Liza Donnelly Returns To Oscar’s Red Carpet; A New Yorker State Of Mind: Thurber’s First New Yorker Drawing; The Tilley Watch Online, The Week Of February 3-7, 2020

Liza Donnelly Returns To Oscar’s Red Carpet

Liza Donnelly will be back on Oscar’s Red Carpet tomorrow night for her fifth year of live-drawing.  Five years ago she made Oscar history by being the very first cartoonist to draw while on the Red Carpet. She began posting drawings yesterday, and will continue posting today, leading up to her coverage of tomorrow night’s big shindig. Follow her on Instagram & Twitter: @lizadonnelly

Above: Ms. Donnelly yesterday on the mostly still-covered red carpet.

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Thurber’s First New Yorker Drawing

A Spill fave blog, A New Yorker State Of Mind: Reading Every Issue Of The New Yorker, takes a close look at the issue of January 31, 1931, which boasts James Thurber’s inaugural New Yorker cartoon appearance. Read it here.

According to Edwin T. Bowden’s James Thurber: A Bibliography (Ohio State University Press, 1968), Thurber’s previous published drawing appeared in his college’s magazine,Ohio State’s Sun-Dial, March 1918.

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A listing of New Yorker artists who contributed to newyorker.com features during the week

The Daily Cartoon:

Ellis Rosen, Jon Adams, J.A.K., Chris Weyant, Trevor Spaulding

Daily Shouts: Ali Fitzgerald, J.A.K., Olivia de Recat (with Sarah Vollman)

...and Barry Blitt’s Kvetchbook.

 

 

Article Of Interest: Kenneth Mahood; Blitt On Trump’s State Of The Union Appearance; Today’s Daily Cartoonist & Cartoon; Bliss & Martin’s “A Wealth Of Pigeons” Listed

Article Of Interest: Kenneth Mahood

From The Daily Cartoonist, February 4, 2020, by D.D. Degg. “Kenneth Mahood Is A Senior Stripper”

Mr. Mahood (shown above in a photo taken in 2013) contributed to The New Yorker from  1951 through 1996. Above center: a 1958 Mahood cartoon collection. Above right: a Mahood New Yorker cover, June 18, 1966. Below, his distinctive signature.

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Blitt On Trump’s State Of The Union Appearance

Go here to see the latest Blitt’s Kvetchbook. Mr. Blitt’s first New Yorker cartoon appeared in 2006.  His latest book, published in 2017, appears above. Visit his website here.

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Today’s Daily Cartoonist & Cartoon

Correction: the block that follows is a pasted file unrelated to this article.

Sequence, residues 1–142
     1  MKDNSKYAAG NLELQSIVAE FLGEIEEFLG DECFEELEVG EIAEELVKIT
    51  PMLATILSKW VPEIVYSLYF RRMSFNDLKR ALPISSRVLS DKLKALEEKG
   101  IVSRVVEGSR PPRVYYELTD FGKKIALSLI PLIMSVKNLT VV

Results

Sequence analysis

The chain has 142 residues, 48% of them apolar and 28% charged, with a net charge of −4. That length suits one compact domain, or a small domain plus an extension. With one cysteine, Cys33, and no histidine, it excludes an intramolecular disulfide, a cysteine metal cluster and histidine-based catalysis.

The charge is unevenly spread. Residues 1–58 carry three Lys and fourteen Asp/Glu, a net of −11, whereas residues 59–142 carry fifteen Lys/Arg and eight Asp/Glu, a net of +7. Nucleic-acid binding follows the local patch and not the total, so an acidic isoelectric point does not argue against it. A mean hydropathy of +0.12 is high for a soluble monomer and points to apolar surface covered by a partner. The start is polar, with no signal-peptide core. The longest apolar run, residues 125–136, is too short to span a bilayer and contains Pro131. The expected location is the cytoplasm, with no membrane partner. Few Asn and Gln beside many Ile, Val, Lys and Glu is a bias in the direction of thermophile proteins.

J.A.K. on the Iowa Caucus results.  Mr. K. began contributing to The New Yorker in 2014. His latest book, shown above,  Everything Is An Emergency, will be out in June.

Note: Mr. K is also today’s Daily Shouts cartoonist: “Comments-Section Success Stories”

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Bliss & Martin’s “A Wealth Of Pigeons” Listed

The expected collection of collaborative  efforts from Harry Bliss and funny man Steve Martin is now listed on the MacMillan website.  Sorry, no cover yet. The book will be out this November from Caledon Books.

From the publisher’s site, a quote from Mr. Martin, followed by the the publisher’s description of the book.

“I’ve always looked upon cartooning as comedy’s last frontier. I have done stand-up, sketches, movies, monologues, awards show introductions, sound bites, blurbs, talk show appearances, and tweets, but the idea of a one-panel image with or without a caption mystified me. I felt like, yeah, sometimes I’m funny, but there are these other weird freaks who are actually funny. You can understand that I was deeply suspicious of these people who are actually funny.

So writes the multitalented comedian Steve Martin in his introduction to A Wealth of Pigeons: A Cartoon Collection. In order to venture into this lauded territory of cartooning, he partnered with the heralded New Yorker cartoonist Harry Bliss. Steve shared caption and cartoon ideas, Harry provided impeccable artwork, and together they created this collection of humorous cartoons and comic strips, with amusing commentary about their collaboration throughout.

 

 

The Weekend Spill; The Tilley Watch Online, January 27-31, 2020; Article Of Interest: Elizabeth Montague

The Tilley Watch Online, January 27-31 ,2020

An end of week listing of New Yorker artists who’ve contributed to newyorker.com features

The Daily Cartoon: Teresa Burns Parkhurst, Ivan Ehlers, Peter Kuper, Kim Warp, Brendan Loper.

Daily Shouts: Sofia Warren, J.A.K..

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Article Of Interest: Elizabeth Montague

From The Washington Post, February 1, 2020, “She is a black female cartoonist, and brings a ‘unique’ perspective to The New Yorker”

Here’s Liz Montague’s Spill entry:

Liz Montague New Yorker work: March 11, 2019–. Born December 15, 1995, attended University of Richmond class of 2018, former D1 track & field athlete, as of 2019 works as a digital storyteller at the Aga Khan Foundation in Washington, D.C. amplifying underrepresented narratives- Website: www.lizatlarge.org

 

The Monday Tilley Watch, The New Yorker Issue Of February 3, 2020; Today’s Daily Cartoonist & Daily Shouts Cartoonist

The Cover: a snowy bridge. Read the Q&A with the cover artist here, and see the pretty digital snowflakes fall.

The Cartoonists:

The Cartoons: